Billy Jack

Dir: Tom Laughlin (credited as T.C. Frank), 1971


The karate expert, half-Indian, ex-Green Beret is back, kicking sense and cracking skulls all in the name of peace!

The pregnant, teenage hippie daughter of a sheriff joins a multi-ethnic hippie community group, facing closure by corrupt council officials.

Laughlin’s follow up to his hit, Born Losers, is a much more polished and professional movie, benefiting from a bigger budget and the input from his wife, Delores Taylor.

Whereas the previous film was, unintentionally, campy, Billy Jack has a more believable story and much stronger characterisation.

The amateurish direction and script of the Laughlin’s first film, gives way to a more solid and visionary approach with a very skillful eye for storytelling.

Director and writer, Laughlin, is hypocritical in making the Billy Jack films. The underlying theme of the series is about peace. People of all colours and races, living together in harmony. But, to put his point across, he uses violence. And it’s the violence that we’re supposed to enjoy.

For somebody to crave peace but use violence when it helps them, is insincere.

This doesn’t make it a bad film, at all. Not in the slightest. It’s a very enjoyable film, if not, a little bit, sanctimonious.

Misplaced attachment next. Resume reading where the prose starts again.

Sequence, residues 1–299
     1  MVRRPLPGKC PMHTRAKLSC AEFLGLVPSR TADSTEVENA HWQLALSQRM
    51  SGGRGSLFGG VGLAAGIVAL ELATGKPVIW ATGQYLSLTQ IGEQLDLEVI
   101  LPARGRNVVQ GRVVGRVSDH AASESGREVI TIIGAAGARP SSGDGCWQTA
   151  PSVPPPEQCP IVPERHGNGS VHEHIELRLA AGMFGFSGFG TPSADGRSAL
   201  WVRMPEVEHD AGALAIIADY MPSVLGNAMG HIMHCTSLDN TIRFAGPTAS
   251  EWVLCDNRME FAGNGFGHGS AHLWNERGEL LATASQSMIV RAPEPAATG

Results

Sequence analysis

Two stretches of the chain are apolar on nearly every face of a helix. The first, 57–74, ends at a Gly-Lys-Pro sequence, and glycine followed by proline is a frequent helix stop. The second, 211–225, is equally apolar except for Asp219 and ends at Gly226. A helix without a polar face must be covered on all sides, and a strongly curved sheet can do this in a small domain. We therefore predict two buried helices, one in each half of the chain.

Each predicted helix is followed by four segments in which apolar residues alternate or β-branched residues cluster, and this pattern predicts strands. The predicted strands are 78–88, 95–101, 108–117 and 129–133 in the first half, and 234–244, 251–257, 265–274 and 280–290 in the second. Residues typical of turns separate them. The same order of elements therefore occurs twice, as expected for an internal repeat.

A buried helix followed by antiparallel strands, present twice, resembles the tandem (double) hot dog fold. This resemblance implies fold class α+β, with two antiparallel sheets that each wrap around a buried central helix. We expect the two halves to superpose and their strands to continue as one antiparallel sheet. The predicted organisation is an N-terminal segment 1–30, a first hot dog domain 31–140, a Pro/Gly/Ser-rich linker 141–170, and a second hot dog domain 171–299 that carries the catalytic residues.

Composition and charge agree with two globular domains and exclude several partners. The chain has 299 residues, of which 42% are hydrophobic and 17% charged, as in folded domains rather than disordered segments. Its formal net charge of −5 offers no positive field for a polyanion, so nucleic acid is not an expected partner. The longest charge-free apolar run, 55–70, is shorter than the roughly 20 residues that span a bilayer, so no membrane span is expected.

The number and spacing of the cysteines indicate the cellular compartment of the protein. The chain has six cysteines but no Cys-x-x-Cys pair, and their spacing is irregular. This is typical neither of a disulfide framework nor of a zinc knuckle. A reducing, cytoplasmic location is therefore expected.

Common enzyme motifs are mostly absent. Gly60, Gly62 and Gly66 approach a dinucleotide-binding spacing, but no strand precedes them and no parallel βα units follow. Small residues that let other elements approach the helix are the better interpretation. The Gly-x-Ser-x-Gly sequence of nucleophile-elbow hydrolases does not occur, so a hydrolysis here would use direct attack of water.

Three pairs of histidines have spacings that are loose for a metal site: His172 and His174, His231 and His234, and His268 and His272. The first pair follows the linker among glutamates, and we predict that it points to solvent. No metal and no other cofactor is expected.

Laughlin pushes the hippie side of things slightly too much and, eventually, this becomes irksome.

Featuring a soundtrack of country music, the community sing songs of solidarity and government protests accompanied by acoustic guitars that become tiresome very quickly.

Often, the film is sidetracked by several sequences of the group performing some kind of improv theatre. None of this adds anything to the story and slows the film down, practically, to a halt.

If considerable more editing had been exercised, Billy Jack would have been much improved.

As it is, Tom Laughlin has made a thoroughly good film, with some entertaining fighting scenes and a likeable character that helps to propel the film to its cliffhanger ending.

One thought on “Billy Jack

  1. As a First Nations French Canadian 8 year old boy, Billy Jack Provided the first “hero” of someone that looked like me and spoke positively about Native Americans. I agree your with comparison of the two movies. My only retort would be that Billy Jack in its raw form, reminds me of AC/DC in their early years playing bars with lots of grit. Peace


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